20 November 2012 4:00 PM, PST | The Guardian - Film News | See recent The Guardian - Film News news »

'Making a bad film is always more enjoyable. You know it's crap, but you're having fun'

What first drew you to comedy?

Probably spending 12 years at boarding school – comedy became a survival gene. But I think some people are funny right off the bat, as soon as they can speak, or be naughty.

What was your big breakthrough?

Learning that there was such a thing as Footlights [the Cambridge University drama society]. When I auditioned, in March 1963, John Cleese, Tim Brooke-Taylor and Bill Oddie were members. I got in, and Footlights became my life. Mercifully, I've never had to get a proper job.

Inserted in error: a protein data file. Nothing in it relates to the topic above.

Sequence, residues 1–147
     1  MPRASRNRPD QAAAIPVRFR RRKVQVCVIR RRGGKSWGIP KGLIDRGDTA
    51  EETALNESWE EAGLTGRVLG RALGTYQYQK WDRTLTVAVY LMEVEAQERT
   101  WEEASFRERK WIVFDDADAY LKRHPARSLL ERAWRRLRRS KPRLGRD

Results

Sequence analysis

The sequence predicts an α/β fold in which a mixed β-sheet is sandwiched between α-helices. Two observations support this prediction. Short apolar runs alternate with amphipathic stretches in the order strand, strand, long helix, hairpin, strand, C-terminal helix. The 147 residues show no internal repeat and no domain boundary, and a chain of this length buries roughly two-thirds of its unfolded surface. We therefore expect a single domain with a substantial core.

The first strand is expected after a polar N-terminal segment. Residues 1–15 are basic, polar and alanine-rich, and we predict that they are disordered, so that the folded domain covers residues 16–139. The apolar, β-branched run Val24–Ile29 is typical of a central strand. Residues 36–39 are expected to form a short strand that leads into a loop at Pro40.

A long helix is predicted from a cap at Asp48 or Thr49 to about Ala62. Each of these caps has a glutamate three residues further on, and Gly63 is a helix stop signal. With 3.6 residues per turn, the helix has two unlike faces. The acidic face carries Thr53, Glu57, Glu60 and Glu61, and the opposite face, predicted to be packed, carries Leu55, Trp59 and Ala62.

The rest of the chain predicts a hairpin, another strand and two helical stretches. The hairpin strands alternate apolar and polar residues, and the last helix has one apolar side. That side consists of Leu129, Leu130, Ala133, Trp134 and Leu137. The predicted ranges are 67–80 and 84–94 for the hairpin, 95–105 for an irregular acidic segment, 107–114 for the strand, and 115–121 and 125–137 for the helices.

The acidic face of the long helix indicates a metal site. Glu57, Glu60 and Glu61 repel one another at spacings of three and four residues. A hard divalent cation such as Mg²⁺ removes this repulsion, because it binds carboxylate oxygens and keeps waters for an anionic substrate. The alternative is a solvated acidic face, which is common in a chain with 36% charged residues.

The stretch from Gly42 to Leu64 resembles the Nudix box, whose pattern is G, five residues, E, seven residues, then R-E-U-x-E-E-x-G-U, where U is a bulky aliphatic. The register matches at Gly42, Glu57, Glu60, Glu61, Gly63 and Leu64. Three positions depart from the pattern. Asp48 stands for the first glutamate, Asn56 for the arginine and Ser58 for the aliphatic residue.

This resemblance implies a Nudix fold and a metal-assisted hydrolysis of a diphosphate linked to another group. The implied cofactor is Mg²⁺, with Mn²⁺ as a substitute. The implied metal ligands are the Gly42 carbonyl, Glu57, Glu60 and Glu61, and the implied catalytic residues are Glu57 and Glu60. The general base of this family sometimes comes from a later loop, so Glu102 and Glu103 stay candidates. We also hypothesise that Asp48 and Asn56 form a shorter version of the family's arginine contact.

Who or what have you sacrificed for your art?

A number of virgins on the altar of Monty Python in the 1970s.

Do you get sick of people doing Monty Python impressions when they meet you?

Yes, but I don't get that a lot any more. Usually they just smile, which is nice. »

- Laura Barnett

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